Here at www.godofguitar.com we take great interest in the careers of guitarists who have stepped into the shoes of other incredible players, in order to see how they coped with playing alien material. As you may be aware Jim and Moritz have never been placed in this position; Jim was once asked to play in Iron Maiden, however he turned the gig down as being one of fifteen lead guitarists (or however many they have), he felt this would have done his reputation no good at all.
One of the most talked about and requested articles that we receive is the time that Joe Satriani spent in Deep Purple in late 1991 and 1992. Jim and I know nothing about this, however our great friend and contributor Michael Blos takes us on a candid insight into the Joe Satriani DP years (well, year actually….. well, about 3 months in total actually)
Hi guys, Michael here. I hope you’re both keeping well and Jim, good luck with the recovery from the facelift……….sorry er, I mean er, nervous exhaustion.
To replace any guitarist in a professional band is difficult enough, but to replace Ritchie Blackmore in Deep Purple would be, to most players, asking the impossible. Ritchie had already left Purple once in 1973 and the critical review of Purple gigs with new man Gary Moore, was, to say the least, scathing. It was hoped that, this time around, the same would not be said of Purple with Mr Satriani.
Let us first of all look into the background of Ritchie’s second departure (for good this time) from Deep Purple. Following the release of ‘The Battle, Wages On’ album, Purple commenced on a massive European tour in September 1991. As the tour progressed, Blackmore became more and more disenchanted with the performance of vocalist Ronnie Dio and eventually things came to a head in Prague on 30th October where Blackmore confirmed in writing he would quit the band at the end of the European tour and would not accompany the band to Japan in early December.
The embarrassing situation for Purple was that their manager had not informed the Japanese promoter of Blackmore’s absence. When the promoter found out he went totally ballistic. Jon Lord continues: ‘I don’t know why me, but I received a call from the promoter who was, to say the least, absolutely livid. He was yelling down the phone at me screaming ‘if you ever come to Japan, I will give you a blow!’ I thought this was some kind of Japanese ritual humiliation where I would arrive at the airport in Tokyo and the promoter would greet me by getting on his knees and perform an immoral act upon me. You can imagine my relief when I later found out the promoter was threatening to poison me with Fugu (Japanese poisonous Blowfish), if I ever toured Japan again.’
The promoter in Japan gave Purple one option; tour Japan in December 1993 with a named player. This gave the band a dilemma, as the earlier tour with Gary Moore had been fairly disastrous, and this was always in the back of their minds.
Purple, therefore, only had a few weeks basically to source a top player. First of all, the band turned to Iron Maiden, who immediately refused, as they stipulated that all their lead guitarists should play in Purple (not just one). Next up was Clem ‘Dave’ Clemson (known in the rock world as CLemmy) who flatly turned the band down as they had earlier rejected him as a possible Blackmore replacement in 1973 (prior to Gary Moore joining). Things were starting to look desperate, and after scouring Europe unsuccessfully, they worryingly had to turn their attention to, oh my God, American guitarists.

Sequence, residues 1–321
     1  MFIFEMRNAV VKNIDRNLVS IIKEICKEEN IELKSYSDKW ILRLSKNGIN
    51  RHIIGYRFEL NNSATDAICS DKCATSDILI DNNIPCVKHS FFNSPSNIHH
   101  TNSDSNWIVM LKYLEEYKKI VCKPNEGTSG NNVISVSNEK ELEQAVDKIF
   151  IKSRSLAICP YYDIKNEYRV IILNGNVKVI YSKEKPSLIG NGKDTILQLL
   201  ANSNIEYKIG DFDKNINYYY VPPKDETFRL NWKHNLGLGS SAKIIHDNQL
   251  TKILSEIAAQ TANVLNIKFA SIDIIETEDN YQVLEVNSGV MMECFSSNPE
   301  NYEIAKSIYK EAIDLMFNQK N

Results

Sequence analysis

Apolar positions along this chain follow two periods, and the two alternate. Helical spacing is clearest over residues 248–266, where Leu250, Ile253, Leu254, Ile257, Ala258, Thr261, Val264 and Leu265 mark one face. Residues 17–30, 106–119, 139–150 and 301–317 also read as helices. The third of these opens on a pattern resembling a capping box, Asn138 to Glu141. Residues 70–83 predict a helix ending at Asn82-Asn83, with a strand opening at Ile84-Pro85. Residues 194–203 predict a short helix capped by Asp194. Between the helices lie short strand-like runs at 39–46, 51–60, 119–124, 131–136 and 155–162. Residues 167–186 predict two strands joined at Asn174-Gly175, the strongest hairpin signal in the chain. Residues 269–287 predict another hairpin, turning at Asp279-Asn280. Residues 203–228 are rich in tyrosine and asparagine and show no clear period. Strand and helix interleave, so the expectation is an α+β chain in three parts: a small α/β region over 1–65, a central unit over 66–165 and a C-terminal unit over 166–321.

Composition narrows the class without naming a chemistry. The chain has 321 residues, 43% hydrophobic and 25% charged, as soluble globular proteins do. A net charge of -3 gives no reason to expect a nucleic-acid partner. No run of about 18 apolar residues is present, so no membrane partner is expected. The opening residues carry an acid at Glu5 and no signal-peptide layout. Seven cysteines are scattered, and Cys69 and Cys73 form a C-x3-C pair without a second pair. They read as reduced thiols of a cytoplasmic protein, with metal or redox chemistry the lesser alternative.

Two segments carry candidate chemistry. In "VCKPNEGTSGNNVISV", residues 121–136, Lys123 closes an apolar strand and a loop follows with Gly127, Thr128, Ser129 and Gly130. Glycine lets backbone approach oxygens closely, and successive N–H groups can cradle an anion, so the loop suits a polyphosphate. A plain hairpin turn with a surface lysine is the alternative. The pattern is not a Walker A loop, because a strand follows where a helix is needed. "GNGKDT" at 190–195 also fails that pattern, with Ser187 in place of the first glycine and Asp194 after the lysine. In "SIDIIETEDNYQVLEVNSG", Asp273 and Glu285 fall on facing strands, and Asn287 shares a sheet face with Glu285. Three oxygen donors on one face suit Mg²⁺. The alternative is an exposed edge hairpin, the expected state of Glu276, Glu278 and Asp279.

According to unofficial sources in the band, Joe Satriani had heard that Purple were now desperate, so he put himself forward as a possible (or only) candidate. The first thing to do was to get the band and Satriani together so after the European tour concluded, the band agreed a joint rehearsal, but from what I have gathered (off the record), the Purple guys were not particularly impressed.
Legend has it, that to prove his suitability to his potentially new band mates, Joe started playing the full version of Surfin’ with the Alien unaccompanied. According to sources that wish to remain anonymous, after about 16 bars of this shredding metal, wah-wah intensive racket, Jon Lord looked over to Ian Paice and mouthed ‘get on the phone to The Edge now!!!!!’ For Satriani, the cat was out of the bag quite quickly as Paice suddenly yelled out ‘Does anyone know the dial code for Dublin’. As it was, The Edge was unavailable, and with all other named players steering well clear of trying to emulate Blackmore, the only option open for Purple was to stick with Satriani.
The main problem for the band was Satriani’s sound. According to the band, Blackmore had such a clear sound that blended in beautifully with the other instruments, but Satriani had this awful metal shredding sound. Rather creatively, the only way the Purple sound team could temper this noise was to plug Joe’s guitar into a Bendix washing machine (using this as a preamp). The higher the spin rate, the clearer the sound became. Apparently Joe was a little suspicious of this at first, but seemed to clam down when informed that as the band members’ wives normally came on tour, they tended to perform many of the domestic chores including doing the laundry.
The Japanese tour went ahead on schedule and apart from the odd embarrassing moment of false identity with certain fans, the tour was very successful. So successful in fact, that Satriani was invited back for Purple’s European tour in June and July 1994.
Overall, the band knew that this couldn’t continue with temporary guitarists, and so Blackmore was recalled in late 1994 and after three more studio albums the band has gone from strength to strength. They plan to record the next album with Blackmore during 2005/2006.